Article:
Worse than Expected

In the LA Times I read the following:

"Every Economics 1 textbook introduces the economy with the same simple equation. It reads: consumption + investment + net exports + government spending = gross domestic product or output."

I can follow this OK. Though I would think that something called "production" belongs in there too. Maybe it is covered under "net exports." But given this equation, the argument runs, the only factor that can pump up the economy is government.

People have not completely stopped consuming of course. But they are cutting back. Investment is slowing down because of the credit crunch. As for net exports, our balance of trade is way out of kilter in the wrong direction.

So that leaves government.

The problem here is clear enough. Where is the government going to dig up the money. The tax base is clearly eroding. If people are consuming less–there goes sale’s tax–down I mean. And with property values declining, there goes the property tax. The result in California? An estimated debt next year of 42 billion.

I suppose they can just print money–the risk there though is re-inflation.

Given the dimensions of the crisis, the people who are supposed to know things about the economy argue that things could easily be worse in four years, at the end of O’s first term.

In the meantime, how many futures may be ruined, and how much social unrest and upheaval may occur?

Beats me.

The new aircraft carrier named after the first Bush cost 6 billion dollars.

The total defense budget (there is argument about this) takes up 20 percent of the national budget or about 1000 billion dollars.

Hey, I think I see a way to get some money. We, not that long ago, were spending closer to 7 percent of the national budget on defense. If this 20 percent figure is correct, it’s a recipe for ruin. The Soviet economy collapsed because for a couple of decades they spent more than 20% on the military.

Sea of Love Tax Deduction

Tax season is closing in. I was happy to learn in that regard that I may be able to claim a deduction for the money I put into making my CD, "Sea of Love." Apparently, I am now an entrepreneur or business person, something I thought I would never be.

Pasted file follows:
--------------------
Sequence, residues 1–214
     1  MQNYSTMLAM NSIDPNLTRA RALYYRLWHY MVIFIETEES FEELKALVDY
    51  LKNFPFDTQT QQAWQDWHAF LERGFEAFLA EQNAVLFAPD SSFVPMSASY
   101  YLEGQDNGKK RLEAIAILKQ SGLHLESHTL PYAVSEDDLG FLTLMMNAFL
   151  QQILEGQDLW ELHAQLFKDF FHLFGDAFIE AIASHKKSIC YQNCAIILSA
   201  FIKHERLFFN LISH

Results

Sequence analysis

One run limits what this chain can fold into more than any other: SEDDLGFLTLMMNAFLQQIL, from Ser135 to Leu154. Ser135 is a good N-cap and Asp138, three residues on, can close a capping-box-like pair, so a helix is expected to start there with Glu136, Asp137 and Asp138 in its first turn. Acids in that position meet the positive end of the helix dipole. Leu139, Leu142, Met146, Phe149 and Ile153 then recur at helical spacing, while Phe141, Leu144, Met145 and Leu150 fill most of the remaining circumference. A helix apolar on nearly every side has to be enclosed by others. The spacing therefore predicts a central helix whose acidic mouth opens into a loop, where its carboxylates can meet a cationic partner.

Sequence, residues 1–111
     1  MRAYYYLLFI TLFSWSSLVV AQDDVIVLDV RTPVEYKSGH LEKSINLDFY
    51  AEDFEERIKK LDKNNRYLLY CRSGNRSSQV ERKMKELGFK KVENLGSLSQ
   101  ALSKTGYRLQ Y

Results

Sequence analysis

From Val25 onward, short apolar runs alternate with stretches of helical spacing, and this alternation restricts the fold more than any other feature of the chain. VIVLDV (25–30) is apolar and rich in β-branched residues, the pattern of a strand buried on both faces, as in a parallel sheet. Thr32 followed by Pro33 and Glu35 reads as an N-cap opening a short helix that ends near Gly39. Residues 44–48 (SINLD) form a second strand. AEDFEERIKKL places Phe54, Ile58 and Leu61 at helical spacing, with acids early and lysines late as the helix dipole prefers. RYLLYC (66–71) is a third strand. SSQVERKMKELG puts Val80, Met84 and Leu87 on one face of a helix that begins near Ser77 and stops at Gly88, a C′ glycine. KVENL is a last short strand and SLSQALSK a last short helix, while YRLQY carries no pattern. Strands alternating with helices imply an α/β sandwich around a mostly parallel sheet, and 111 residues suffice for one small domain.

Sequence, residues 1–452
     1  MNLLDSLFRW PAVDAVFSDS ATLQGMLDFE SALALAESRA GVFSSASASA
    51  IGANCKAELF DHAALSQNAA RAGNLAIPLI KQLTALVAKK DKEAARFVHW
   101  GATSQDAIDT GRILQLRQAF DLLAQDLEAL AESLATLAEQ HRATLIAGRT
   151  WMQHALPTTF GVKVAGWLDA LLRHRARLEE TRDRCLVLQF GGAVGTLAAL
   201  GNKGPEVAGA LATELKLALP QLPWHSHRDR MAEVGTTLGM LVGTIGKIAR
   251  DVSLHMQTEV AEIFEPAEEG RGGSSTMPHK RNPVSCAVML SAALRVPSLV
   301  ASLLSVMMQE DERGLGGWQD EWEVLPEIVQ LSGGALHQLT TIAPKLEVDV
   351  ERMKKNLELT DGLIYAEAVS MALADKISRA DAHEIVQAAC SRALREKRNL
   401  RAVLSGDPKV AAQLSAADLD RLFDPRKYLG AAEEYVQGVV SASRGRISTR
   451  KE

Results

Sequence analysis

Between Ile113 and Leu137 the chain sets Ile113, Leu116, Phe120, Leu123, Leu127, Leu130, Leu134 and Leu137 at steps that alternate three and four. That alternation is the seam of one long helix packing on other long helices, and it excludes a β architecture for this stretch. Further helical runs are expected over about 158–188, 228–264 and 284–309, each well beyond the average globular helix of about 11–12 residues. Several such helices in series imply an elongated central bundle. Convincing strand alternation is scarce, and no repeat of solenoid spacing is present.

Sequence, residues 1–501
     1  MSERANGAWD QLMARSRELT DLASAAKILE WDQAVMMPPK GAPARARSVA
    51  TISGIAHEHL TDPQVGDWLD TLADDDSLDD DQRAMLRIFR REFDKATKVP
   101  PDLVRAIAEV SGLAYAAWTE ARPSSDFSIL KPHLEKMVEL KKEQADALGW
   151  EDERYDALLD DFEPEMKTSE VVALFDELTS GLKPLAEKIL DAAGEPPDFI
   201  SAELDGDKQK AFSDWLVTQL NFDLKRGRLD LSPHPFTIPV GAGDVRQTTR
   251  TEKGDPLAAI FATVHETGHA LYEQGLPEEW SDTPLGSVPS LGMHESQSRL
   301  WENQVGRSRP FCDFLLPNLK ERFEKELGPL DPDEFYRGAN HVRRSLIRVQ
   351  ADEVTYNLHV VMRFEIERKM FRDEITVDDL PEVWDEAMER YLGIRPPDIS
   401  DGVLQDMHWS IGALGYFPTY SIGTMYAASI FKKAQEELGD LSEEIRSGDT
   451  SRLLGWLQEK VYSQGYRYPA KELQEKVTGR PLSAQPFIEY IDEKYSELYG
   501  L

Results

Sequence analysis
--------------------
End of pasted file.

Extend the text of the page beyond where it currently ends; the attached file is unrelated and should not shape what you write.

This arises simply from the fact that I have put the CD up for sale. For the tax break to work, I have to make a good faith and documented effort to sell product. And that I have done. "CD Baby" was a break through in the merchandising area. For a mere $35 they house hard copies of the CD and send them out for me. And they distribute the CD through the digital network. At present "Sea of Love" appears on the following sites:

Groupie Tunes

I have a page also on GarageBand and of course my own site at BandCamp, made by Sean McCue.

Because two old friends bought three copies of "Sea," I will not be able to claim a total loss on my investment (venture capital, as it were); still having sold something should serve to document my status as a true entrepreneur.

One person I spoke with said artist type people take this sort of deduction all the time and sometimes for years. As long as they get their stuff out there and try to sell at least, they can claim deductions for supplies even though they don’t sell anything.


Last Thursday was it—at the doctor’s—I told the medical person that sometimes when I flex my hand little popping noises (smaller versions of the ones that come out of my knee) come out of it and sometimes those noises are accompanied by twinges of pain and when during one of those times I squeezed one of my finger joints it was sore—and she said, arthritis, and if she didn’t shrug, she might as well have…

Because, well you, arthritis is just one of those things that comes along with the aging process and there isn’t a whole lot one can do about it except hope that it doesn’t get worse or so bad that you are in pain all the time and your movements become restricted.

Brother Steve and I compared notes on aches and pains over the phone recently.  He has bad things going on with his left knee and I didn’t know it but he also has some pretty serious stuff going on with his right shoulder probably from carrying that mail sack all those years (or maybe it was his left shoulder).  I too have some deep shoulder pain probably from too much basketball and possibly also from that time a number of years back when I swam a mile a day for something like a 100 days in a row.  That was stupid.

Earlier this week I carried some groceries from the car into the house and later that day both of my knees became swollen.  Perhaps I carried too much weight or maybe I twisted something while carrying the groceries.  This is strange new territory where you have to worry about carrying too many groceries or wondering if that pain in your fingers when you reach for the toothbrush is going to get worse.